Did you have any signature or pet issues when you ran for City Council?

I did.  The parks and recreation system for Coachella was my signature issue.  Growing up I always wondered why we didn’t have the parks and facilities that other communities had.  What was the problem and what could we do about it?  That was the issue I ran on and I am very proud that we were able to accomplish a lot while I was in office.  We built new parks and libraries and rehabbed some parks.  We spent $250 million on sewers and infrastructure and 10 years later were able to build a new library.  When we opened a new park, it was the first one built since the 1970s…1974 to be exact.


When did you decide to run for a position in the State Legislature?

Once I started working for several different legislators, I got to meet a lot of people in our district and see the work that the Legislature was able to do.  I learned about our district and what its needs were.  I began thinking about running four or five years before and when the opportunity arose (in 2014) I went for it.


Did you come into the Legislature with an agenda?

I came with a very similar pet project as I had in Coachella.  In fact, I am carrying a park bond for the state of California which is very much in sync with what we did in Coachella.  I have been around the state and there are a lot of needs in a lot of places.  I am also chairing a committee in which we are talking about jobs and the economy and stimulating investment in local communities.  What we did in Coachella is not unique to Coachella and can work for the entire state.


Agriculture is an important part of your district.  What role do you see for government for the ag community?

Agriculture means billions of dollars for the economy in my district.  It also plays a huge role in California’s economy and I totally understand the viewpoint that there are redundant regulations and duplicative processes that may get in the way of agriculture doing what it does best, which is grow crops that feed the world and employ a lot of people.  Sometimes we do need to get out of the way, but we can also help.  For example, we can help by providing the infrastructure that is needed.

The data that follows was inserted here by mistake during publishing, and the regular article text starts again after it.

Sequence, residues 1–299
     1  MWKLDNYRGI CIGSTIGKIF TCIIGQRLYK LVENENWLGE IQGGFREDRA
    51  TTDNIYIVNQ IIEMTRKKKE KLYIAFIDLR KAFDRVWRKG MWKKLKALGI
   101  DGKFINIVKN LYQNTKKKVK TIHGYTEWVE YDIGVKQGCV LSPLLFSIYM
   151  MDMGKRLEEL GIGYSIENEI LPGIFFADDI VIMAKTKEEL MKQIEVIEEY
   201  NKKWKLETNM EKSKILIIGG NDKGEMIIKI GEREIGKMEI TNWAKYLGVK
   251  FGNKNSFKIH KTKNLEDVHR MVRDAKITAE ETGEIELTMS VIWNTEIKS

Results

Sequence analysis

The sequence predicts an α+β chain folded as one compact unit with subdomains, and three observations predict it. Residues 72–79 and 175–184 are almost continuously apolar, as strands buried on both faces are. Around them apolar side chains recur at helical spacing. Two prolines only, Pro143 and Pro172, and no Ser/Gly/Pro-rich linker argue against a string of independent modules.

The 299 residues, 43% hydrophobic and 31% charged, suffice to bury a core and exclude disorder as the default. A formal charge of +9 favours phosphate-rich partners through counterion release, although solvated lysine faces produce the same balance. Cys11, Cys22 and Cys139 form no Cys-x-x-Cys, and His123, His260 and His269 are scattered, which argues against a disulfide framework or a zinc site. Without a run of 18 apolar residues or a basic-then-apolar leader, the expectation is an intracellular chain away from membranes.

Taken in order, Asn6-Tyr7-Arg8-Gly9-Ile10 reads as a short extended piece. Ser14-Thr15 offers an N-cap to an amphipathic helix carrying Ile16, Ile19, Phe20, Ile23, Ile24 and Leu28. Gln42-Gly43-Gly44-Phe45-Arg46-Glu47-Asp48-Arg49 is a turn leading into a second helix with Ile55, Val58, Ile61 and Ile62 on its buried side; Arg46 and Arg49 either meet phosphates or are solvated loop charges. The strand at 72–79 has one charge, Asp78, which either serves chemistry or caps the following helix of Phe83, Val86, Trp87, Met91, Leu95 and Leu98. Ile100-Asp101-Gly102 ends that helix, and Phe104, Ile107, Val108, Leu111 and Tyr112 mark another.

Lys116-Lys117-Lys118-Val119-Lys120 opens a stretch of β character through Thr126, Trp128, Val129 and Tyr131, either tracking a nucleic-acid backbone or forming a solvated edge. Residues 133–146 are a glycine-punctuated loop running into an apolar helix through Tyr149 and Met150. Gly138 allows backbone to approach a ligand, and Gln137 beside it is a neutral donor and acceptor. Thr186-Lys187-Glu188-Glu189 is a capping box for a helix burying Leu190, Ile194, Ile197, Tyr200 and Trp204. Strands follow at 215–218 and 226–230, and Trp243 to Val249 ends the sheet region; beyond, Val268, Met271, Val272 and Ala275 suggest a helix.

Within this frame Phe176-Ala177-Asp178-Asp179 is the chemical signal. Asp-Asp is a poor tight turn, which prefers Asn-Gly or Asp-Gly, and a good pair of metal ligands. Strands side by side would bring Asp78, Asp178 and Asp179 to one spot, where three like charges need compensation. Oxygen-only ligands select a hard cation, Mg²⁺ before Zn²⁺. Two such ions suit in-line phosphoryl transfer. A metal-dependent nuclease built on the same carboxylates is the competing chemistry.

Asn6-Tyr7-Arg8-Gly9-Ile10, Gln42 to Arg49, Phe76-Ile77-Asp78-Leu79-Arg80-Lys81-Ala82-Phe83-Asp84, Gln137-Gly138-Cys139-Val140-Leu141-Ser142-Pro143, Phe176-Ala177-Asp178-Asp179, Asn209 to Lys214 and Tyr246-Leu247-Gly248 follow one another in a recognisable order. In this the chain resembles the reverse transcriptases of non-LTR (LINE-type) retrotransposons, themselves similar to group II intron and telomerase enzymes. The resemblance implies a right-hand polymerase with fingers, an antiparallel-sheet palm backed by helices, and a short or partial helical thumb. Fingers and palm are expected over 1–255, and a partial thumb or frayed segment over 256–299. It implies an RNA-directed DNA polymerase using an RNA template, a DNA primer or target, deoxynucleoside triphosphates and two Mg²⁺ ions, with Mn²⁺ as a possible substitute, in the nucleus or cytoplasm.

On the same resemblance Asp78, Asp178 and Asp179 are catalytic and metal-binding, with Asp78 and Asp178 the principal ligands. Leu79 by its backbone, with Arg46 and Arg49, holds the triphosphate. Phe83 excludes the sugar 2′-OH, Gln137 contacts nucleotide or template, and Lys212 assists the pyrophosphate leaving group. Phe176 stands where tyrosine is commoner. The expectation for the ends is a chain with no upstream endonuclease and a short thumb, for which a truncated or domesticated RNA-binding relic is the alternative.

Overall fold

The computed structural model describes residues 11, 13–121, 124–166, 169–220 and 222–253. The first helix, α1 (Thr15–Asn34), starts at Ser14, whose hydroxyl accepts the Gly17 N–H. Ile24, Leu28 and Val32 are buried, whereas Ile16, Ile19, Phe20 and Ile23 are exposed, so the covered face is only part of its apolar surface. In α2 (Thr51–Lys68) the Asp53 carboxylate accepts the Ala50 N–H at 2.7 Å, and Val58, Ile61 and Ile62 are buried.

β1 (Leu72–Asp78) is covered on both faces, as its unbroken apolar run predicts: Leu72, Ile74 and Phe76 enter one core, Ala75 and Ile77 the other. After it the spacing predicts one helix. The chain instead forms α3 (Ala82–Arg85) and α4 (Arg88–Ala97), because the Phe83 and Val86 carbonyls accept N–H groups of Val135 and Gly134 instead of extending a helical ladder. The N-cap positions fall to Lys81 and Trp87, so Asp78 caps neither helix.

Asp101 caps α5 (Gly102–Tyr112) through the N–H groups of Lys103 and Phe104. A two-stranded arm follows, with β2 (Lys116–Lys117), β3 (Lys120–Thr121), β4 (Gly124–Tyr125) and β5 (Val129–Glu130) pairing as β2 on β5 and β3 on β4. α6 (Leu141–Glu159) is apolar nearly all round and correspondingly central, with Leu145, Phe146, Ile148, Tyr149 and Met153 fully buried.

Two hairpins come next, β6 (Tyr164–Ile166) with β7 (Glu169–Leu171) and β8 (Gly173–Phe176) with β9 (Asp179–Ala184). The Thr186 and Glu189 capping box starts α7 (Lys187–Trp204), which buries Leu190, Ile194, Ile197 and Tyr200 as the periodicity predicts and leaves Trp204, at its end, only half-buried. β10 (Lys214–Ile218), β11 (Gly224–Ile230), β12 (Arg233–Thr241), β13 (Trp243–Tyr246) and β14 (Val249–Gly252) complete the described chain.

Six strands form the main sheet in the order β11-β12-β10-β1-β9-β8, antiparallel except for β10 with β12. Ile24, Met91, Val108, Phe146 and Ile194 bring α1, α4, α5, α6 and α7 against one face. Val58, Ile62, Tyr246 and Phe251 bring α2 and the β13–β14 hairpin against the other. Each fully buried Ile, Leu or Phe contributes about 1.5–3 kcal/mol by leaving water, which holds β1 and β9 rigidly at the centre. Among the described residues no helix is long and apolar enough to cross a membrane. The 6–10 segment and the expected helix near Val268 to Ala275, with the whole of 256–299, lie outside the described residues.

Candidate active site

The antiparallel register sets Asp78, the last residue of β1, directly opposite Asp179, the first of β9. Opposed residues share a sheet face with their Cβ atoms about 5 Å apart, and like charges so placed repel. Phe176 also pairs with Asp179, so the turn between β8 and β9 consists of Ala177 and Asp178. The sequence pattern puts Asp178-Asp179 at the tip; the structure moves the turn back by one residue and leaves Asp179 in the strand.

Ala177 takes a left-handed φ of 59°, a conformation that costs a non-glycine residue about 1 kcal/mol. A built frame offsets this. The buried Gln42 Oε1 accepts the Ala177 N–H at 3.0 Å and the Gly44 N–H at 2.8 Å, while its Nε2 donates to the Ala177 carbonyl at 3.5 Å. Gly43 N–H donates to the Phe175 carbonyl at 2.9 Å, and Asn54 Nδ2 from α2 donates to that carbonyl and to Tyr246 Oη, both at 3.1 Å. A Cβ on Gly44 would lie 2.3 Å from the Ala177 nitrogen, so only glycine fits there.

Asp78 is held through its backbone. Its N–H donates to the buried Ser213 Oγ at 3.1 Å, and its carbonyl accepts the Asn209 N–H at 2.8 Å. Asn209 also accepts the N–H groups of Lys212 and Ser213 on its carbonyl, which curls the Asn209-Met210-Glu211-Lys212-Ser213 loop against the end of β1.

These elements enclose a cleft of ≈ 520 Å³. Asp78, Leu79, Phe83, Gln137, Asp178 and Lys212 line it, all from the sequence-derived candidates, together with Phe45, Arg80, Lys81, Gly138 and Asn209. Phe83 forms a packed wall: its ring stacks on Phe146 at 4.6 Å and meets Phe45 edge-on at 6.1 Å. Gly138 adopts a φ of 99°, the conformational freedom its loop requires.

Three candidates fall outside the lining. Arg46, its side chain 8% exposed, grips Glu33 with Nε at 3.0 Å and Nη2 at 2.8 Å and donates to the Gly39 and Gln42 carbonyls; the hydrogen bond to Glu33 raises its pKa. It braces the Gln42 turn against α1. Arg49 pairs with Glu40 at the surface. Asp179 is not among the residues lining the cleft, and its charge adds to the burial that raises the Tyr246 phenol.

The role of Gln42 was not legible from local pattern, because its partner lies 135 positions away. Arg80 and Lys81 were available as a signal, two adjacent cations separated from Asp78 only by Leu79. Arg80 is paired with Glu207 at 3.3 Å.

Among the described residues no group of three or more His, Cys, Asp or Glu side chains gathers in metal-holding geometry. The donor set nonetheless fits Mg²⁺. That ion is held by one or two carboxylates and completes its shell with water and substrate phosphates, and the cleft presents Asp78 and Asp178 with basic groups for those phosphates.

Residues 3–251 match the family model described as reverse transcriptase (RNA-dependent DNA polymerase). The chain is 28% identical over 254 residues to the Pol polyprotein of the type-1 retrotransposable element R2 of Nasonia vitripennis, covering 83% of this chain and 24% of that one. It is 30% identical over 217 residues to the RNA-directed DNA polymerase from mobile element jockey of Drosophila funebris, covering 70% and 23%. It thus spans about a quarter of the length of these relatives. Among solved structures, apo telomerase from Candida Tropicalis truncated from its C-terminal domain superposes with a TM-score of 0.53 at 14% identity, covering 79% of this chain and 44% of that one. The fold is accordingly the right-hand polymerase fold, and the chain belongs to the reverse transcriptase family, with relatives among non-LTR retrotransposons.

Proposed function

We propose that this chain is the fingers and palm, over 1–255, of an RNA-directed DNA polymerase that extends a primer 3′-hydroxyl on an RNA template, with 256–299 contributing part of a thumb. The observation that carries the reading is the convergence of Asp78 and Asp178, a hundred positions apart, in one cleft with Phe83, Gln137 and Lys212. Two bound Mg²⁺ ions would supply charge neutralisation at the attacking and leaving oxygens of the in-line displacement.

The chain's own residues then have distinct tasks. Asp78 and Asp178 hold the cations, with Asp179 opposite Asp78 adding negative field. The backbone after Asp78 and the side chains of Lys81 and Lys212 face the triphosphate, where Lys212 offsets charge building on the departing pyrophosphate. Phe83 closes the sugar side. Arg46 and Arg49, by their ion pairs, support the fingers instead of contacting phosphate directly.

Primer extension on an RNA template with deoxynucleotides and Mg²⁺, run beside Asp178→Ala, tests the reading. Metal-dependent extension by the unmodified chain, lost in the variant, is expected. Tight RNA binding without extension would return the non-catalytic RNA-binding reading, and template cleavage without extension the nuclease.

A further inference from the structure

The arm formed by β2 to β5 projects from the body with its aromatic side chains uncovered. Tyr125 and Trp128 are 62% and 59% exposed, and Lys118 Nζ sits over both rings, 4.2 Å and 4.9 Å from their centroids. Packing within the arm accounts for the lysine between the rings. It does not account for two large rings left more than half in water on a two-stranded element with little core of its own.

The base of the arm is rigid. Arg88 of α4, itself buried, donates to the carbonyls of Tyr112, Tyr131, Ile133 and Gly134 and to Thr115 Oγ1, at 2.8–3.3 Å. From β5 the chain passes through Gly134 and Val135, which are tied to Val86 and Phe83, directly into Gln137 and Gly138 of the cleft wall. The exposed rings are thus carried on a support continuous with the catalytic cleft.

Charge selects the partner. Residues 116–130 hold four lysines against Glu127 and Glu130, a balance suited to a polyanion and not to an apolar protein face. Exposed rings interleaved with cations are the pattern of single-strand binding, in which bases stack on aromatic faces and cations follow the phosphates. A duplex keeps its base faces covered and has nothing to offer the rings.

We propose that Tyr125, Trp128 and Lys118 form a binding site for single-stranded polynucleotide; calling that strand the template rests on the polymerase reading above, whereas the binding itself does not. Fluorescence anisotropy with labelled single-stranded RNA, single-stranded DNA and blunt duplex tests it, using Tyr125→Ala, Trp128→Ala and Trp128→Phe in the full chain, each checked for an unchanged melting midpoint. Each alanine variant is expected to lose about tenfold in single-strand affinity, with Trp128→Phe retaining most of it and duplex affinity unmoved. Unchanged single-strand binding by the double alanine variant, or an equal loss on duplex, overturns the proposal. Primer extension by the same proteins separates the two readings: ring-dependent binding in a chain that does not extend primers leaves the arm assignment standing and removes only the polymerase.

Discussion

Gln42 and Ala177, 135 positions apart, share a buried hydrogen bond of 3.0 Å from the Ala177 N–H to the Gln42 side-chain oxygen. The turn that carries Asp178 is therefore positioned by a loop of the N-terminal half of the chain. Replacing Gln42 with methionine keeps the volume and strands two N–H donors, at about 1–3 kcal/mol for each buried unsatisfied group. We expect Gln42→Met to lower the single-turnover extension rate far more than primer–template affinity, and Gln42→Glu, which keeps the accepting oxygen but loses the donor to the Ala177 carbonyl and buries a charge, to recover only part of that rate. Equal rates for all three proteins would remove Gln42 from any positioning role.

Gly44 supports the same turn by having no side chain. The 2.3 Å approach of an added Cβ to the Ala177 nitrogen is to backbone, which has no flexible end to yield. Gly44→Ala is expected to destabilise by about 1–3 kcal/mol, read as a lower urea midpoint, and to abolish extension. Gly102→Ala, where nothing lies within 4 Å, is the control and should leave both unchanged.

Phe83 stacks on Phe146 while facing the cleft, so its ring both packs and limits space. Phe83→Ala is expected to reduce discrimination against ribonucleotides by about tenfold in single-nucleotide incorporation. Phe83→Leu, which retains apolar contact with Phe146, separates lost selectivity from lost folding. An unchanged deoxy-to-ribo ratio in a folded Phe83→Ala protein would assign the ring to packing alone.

What is your position about the water bond and the need for infrastructure?

I just recently was appointed to the water and wild life committee and I am very excited to be involved in the process to determine what projects we invest in under Proposition 1B.  I believe we need to get involved in conservation projects, but we also have to build the infrastructure that we need to better manage our water resources.


What about immigration reform?

I believe it needs to be taken up yesterday.  The fact is we need a strong labor force, not only for agriculture, but in my district tourism is very important and we need labor for the tourism and hospitality industry.  My predecessor was involved with what role the state could play and I think it is very important to continue to look at that.


Are you supporting a particular presidential candidate?

We have not made an endorsement at this point.  We are going to continue to listen to the debates and see who resonates for us.  The time is coming soon in which we will make an endorsement.


Do you consume the products that our members and your constituents grow?  Do you have a favorite fruit or vegetables or a dish that includes fruits and vegetables?

I love the watermelon from the Coachella Valley and the grapes that are grown throughout my district.  I love the cantaloupes from Brawley.  I eat a lot of salads.  I like mangos.  I’m not sure they grow any in my district but it would not surprise me.  We do a lot of cooking and eat a lot of the vegetables grown in my district, including bell peppers and onions and carrots in stews.  We are big believers in ‘locally grown’ and fans of regional farmers.  We think it’s a good idea to keep the dollars in the community when you can.